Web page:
After a hiatus which took exactly three years, Intel is now beginning to pursue its appeal against the huge fine imposed by the European Commission in 2009. The largest monetary penalty ever decided by the EU for anti-competitive behaviour has no ground at all, Chipzilla’s lawyers stated.
The European antitrust regulators fined Intel for 1.06 billion dollars (now 1.34 billions due to the current economic situation) after they found the company guilty of having crushed the competitors business (ie AMD) by exploiting large rebates and restrictive contracts meant to force the adoption of its CPUs by PC OEM manufacturers.
Intel fought the alleged anti-competitive behaviour accusations straightaway, and now its lawyers are being heard by the five-judge panel of the EU General Court in Luxembourg. Before the European appeal court – the second highest court of Europe after the Court of Justice – Intel dismissed any wrongdoing and called the Commission accusations groundless.
“The quality of evidence relied on by the Commission is profoundly inadequate”, Intel’s lawyers said, “the analysis is hopelessly and irretrievably defective. The Commission’s case turns on what customers’ subjective understanding is”.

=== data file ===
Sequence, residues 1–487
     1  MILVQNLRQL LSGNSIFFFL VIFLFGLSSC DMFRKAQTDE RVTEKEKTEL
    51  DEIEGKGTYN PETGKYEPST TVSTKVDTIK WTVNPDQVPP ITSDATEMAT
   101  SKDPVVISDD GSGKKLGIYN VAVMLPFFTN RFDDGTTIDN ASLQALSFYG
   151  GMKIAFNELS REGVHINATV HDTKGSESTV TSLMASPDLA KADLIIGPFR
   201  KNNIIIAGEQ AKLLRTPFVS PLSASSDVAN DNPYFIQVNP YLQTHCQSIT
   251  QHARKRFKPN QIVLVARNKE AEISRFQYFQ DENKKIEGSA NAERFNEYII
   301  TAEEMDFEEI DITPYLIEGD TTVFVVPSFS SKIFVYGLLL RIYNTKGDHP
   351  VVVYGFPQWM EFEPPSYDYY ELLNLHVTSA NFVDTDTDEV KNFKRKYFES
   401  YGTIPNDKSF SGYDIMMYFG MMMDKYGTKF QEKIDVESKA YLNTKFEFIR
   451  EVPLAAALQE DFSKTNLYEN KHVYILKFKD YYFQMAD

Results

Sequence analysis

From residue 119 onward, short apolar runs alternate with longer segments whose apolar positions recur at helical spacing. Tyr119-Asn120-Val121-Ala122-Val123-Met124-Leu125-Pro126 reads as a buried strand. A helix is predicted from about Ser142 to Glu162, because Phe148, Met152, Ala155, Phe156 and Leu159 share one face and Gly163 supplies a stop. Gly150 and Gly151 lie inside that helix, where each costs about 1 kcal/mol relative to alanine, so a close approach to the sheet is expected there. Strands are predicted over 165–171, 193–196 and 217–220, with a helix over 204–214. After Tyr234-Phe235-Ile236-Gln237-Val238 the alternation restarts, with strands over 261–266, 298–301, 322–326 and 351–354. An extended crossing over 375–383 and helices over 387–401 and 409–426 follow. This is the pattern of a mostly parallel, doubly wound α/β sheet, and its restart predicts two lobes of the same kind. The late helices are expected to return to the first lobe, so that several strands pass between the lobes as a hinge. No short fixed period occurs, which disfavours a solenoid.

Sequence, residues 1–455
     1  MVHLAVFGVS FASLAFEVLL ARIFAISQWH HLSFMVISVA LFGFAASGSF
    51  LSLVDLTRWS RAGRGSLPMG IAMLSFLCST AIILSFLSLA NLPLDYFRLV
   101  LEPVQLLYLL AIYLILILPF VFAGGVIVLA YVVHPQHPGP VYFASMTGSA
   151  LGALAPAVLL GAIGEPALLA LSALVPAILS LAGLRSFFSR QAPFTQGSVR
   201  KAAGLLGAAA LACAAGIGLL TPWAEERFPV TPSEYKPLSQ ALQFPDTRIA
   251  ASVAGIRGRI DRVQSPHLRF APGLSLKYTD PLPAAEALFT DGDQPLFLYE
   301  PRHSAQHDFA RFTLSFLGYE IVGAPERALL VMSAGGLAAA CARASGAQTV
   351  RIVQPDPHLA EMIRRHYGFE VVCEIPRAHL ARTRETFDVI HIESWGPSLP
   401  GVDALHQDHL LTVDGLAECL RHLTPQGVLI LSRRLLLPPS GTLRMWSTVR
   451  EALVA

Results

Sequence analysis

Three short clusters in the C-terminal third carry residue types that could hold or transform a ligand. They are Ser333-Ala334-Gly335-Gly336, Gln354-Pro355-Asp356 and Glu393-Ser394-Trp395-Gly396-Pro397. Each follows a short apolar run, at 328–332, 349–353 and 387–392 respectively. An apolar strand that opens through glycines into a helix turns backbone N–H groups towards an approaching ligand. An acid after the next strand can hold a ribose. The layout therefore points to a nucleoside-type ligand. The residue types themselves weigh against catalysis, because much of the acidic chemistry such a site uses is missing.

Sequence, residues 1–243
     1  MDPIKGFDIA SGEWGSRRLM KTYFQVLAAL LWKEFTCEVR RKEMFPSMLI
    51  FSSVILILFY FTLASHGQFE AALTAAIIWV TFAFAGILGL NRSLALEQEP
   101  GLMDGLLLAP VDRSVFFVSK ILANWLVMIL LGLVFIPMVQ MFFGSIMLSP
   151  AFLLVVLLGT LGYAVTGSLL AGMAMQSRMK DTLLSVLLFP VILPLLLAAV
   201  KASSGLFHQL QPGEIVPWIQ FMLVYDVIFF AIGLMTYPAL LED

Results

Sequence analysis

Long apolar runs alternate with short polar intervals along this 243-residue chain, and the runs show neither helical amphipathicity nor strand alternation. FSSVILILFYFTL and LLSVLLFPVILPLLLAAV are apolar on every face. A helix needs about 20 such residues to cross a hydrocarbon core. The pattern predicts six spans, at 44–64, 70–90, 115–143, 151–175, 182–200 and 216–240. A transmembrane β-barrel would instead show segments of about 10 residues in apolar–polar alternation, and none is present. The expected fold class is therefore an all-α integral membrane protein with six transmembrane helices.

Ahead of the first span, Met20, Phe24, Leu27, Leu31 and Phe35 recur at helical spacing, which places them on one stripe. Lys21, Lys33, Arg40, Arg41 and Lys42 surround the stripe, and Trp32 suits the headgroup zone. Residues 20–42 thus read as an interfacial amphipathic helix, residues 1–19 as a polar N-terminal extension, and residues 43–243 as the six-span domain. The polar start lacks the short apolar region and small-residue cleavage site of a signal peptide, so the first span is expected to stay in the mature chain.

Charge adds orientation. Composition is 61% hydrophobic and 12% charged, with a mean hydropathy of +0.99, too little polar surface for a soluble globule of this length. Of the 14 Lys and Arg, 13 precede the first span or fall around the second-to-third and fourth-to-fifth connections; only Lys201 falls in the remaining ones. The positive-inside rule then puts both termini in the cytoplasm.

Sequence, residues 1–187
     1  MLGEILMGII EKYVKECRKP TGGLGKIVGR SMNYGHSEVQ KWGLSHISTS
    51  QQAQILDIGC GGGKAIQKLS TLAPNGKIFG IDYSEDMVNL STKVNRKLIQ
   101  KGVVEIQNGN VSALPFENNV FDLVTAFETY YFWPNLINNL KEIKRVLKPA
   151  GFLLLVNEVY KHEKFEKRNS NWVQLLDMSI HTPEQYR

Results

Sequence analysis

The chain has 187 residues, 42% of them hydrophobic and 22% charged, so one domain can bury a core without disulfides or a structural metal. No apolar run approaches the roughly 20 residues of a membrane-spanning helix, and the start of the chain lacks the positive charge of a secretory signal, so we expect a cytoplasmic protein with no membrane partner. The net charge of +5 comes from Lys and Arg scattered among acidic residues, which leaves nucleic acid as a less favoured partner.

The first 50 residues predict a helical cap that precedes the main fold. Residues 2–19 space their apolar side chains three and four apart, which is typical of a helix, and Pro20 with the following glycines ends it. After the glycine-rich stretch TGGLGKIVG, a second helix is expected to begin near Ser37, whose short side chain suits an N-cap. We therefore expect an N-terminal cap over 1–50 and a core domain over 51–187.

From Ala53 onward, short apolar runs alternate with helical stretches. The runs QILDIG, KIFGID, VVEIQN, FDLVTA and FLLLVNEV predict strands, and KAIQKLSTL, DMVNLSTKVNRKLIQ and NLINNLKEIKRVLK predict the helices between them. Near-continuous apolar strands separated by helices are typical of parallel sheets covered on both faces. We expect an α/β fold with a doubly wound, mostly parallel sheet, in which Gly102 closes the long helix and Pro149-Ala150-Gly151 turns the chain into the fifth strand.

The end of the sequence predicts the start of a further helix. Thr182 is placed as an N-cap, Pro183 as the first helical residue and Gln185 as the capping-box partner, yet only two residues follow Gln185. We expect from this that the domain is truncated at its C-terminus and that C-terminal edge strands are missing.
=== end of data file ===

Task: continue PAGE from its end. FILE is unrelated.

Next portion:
Predictably, the EU lawyers had another story to tell the five judges: the kind of rebates offered by Intel “can only be intended to tie customers and put competitors in an unfavourable position”, lawyer Nicholas Khan said, further adding that the American microchip manufacturer “carefully camouflaged its anti-competitive practices”.
Now that the initial arguments have been heard, the appeal can go on according to the schedule. The case should last a few months, after that the General Court will have to rule in favour or against Intel arguments.